The fact is that, as things stand today, one has to assume that China and Russia are closer to a viable hypersonic boost/glide weapon than the US... No amount of computer simulation and ground testing can replicate a hypersonic environment.

Yep.
I think I posted on this thread or another (maybe X-51 thread) that you could write a book about the strategic weapon systems the US 'gave away' an advantage in, through misguided policies or political dithering, etc. In fact this website would be a great place for research material.
 

Arian

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DrRansom said:
sferrin said:
Wow. It's amazing what one can accomplish when they test more than once every five years.

It is beyond crazy that Russia and China have a vastly higher test rate than the US for hypersonics.

The fact is that, as things stand today, one has to assume that China and Russia are closer to a viable hypersonic boost/glide weapon than the US... No amount of computer simulation and ground testing can replicate a hypersonic environment.

The systems are very different. HTV-2 is designed for much greater range and 4x the glide speed. "Hypersonic" is just a word, but there's a wide difference between Mach 4 and Mach 20.
 

Blitzo

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Arian said:
DrRansom said:
sferrin said:
Wow. It's amazing what one can accomplish when they test more than once every five years.

It is beyond crazy that Russia and China have a vastly higher test rate than the US for hypersonics.

The fact is that, as things stand today, one has to assume that China and Russia are closer to a viable hypersonic boost/glide weapon than the US... No amount of computer simulation and ground testing can replicate a hypersonic environment.

The systems are very different. HTV-2 is designed for much greater range and 4x the glide speed. "Hypersonic" is just a word, but there's a wide difference between Mach 4 and Mach 20.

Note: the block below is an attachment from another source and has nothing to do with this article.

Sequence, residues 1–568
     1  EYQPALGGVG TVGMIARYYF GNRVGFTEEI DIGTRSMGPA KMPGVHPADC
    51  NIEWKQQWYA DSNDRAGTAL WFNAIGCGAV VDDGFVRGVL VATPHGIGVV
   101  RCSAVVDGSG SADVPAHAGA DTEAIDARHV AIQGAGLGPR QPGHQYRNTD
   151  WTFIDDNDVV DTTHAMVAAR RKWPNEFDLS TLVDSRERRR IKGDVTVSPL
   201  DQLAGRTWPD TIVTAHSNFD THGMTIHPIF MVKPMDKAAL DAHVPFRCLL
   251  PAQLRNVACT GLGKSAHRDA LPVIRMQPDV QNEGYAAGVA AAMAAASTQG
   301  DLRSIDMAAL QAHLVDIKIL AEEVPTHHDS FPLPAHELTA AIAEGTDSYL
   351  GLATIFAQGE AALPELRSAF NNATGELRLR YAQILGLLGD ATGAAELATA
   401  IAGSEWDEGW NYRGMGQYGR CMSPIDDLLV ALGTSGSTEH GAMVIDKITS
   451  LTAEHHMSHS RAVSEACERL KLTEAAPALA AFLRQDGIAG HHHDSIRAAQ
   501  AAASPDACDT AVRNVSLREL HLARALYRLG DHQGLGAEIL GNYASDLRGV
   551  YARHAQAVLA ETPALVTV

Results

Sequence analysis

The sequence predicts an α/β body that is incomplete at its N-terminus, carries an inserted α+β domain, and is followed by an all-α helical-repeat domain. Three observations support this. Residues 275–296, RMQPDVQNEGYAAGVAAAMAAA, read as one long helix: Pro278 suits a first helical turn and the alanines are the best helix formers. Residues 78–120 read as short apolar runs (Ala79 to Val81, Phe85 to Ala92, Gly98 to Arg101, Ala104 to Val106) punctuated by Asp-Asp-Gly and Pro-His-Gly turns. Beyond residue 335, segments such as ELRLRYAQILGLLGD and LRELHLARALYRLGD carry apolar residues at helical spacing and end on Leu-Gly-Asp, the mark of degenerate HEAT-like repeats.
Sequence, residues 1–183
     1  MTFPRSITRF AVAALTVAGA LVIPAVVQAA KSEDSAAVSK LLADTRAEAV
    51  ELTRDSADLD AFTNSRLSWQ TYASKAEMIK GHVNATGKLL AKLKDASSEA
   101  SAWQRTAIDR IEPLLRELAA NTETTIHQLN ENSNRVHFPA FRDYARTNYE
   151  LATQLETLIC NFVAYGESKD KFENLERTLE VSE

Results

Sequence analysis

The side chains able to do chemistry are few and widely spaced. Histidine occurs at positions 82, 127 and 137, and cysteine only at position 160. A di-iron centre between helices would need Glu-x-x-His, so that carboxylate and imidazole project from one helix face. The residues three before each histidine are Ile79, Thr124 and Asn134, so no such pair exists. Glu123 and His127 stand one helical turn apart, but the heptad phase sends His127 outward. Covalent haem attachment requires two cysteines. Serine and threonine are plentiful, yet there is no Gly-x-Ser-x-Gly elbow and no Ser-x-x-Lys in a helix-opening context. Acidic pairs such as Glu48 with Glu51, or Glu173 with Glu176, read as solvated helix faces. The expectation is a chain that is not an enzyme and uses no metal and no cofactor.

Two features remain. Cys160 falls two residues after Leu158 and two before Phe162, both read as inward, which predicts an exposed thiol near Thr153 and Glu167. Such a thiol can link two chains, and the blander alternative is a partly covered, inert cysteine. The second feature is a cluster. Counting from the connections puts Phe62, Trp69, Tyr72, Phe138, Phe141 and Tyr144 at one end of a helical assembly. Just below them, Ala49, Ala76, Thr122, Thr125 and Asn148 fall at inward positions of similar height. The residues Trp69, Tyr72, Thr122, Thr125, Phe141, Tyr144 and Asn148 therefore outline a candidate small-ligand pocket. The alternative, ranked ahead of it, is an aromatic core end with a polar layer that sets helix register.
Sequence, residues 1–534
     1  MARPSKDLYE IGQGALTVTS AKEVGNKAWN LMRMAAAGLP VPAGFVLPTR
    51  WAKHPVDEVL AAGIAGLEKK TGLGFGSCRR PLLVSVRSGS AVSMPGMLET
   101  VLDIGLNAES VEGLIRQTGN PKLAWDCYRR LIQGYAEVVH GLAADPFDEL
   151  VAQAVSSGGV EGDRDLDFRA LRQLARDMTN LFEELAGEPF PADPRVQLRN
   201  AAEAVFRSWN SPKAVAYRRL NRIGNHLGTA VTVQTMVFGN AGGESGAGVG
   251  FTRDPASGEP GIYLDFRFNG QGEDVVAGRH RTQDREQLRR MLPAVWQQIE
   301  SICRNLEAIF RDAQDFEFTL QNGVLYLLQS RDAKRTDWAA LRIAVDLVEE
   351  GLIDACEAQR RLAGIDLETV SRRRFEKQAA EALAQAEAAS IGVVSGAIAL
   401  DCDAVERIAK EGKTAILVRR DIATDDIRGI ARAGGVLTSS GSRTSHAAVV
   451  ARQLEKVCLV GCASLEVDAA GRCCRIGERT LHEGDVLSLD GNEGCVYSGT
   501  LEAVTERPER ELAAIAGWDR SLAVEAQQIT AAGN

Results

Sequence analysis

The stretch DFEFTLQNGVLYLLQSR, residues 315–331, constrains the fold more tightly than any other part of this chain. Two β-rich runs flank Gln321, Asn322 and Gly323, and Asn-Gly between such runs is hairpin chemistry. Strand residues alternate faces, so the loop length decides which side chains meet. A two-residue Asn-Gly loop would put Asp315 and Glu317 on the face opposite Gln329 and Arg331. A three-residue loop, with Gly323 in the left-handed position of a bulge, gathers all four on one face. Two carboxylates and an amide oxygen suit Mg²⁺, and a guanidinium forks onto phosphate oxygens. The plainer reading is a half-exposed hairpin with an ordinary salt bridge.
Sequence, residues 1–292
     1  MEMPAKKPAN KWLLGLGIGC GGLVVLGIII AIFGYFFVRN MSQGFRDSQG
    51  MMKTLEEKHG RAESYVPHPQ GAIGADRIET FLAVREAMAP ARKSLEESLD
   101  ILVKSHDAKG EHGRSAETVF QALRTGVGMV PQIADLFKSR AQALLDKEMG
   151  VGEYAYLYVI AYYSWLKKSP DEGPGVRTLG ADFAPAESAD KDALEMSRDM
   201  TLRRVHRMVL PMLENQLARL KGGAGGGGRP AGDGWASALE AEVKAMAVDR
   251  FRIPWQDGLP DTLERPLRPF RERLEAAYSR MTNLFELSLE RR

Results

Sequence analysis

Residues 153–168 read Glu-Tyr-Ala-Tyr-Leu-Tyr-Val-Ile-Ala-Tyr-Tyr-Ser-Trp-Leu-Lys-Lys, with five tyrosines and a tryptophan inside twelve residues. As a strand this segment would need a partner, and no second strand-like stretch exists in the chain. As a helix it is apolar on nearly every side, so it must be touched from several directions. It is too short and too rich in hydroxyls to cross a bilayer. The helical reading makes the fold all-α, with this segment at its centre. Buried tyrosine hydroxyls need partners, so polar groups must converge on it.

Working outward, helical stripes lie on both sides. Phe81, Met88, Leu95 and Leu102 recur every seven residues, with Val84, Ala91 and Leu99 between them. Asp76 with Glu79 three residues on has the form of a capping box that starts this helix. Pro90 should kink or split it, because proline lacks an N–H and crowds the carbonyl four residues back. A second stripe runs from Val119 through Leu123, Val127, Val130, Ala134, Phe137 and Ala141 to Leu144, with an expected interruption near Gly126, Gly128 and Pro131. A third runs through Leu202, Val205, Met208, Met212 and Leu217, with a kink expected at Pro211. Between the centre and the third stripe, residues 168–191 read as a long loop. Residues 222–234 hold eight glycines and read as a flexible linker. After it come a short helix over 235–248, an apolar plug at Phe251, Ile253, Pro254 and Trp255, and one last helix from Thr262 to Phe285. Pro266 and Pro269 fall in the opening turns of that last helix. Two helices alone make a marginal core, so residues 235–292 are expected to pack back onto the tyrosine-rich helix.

Mach 4? DF-ZF has been described as gliding with a top speed of Mach 10 (over 7500mph), HTV-2 was Mach 20 test glide, so not quite four times, more like two times.

DF-ZF is closer to what the US Army's Advanced Hypersonic Weapon was... though that only conducted a few tests as well, with a failure or two(?) before being canned.


I'm more interested to see what China comes out with in terms of powered scramjets and higher speed glide vehicles in future. The tests of hypersonic boost/glide weapons with a speed of Mach 10 was almost kind of expected even back in the late 2000s with the leaks of AShBM which indicated that kind of flight profile.
 

sferrin

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Furthermore HTV-2 was only tested twice before they gave up. And the US Army's much slower design? Well they quit when their booster blew up once. (Didn't even bother to wait to see if the test vehicle would work. Talk about the definition of "quitter" mentality.)


As for the "invincibility" of these kinds of vehicles, this guy was designed specifically to deal with that kind of thing:

http://www.secretprojects.co.uk/forum/index.php/topic,17791.msg248134.html#msg248134

(If only we still had people around who knew how to make it go. ::) )
 

antigravite

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Hi.